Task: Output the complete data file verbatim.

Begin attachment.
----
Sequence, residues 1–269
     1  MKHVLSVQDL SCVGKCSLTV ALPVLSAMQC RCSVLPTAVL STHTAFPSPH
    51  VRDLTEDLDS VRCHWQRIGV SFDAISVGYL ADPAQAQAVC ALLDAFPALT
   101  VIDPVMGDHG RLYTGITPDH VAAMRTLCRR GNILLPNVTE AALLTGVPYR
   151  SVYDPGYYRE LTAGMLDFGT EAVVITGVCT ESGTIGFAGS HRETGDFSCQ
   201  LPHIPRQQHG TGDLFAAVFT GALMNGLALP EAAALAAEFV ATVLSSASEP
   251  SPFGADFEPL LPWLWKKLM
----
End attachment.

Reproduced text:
Sequence, residues 1–269
     1  MKHVLSVQDL SCVGKCSLTV ALPVLSAMQC RCSVLPTAVL STHTAFPSPH
    51  VRDLTEDLDS VRCHWQRIGV SFDAISVGYL ADPAQAQAVC ALLDAFPALT
   101  VIDPVMGDHG RLYTGITPDH VAAMRTLCRR GNILLPNVTE AALLTGVPYR
   151  SVYDPGYYRE LTAGMLDFGT EAVVITGVCT ESGTIGFAGS HRETGDFSCQ
   201  LPHIPRQQHG TGDLFAAVFT GALMNGLALP EAAALAAEFV ATVLSSASEP
   251  SPFGADFEPL LPWLWKKLM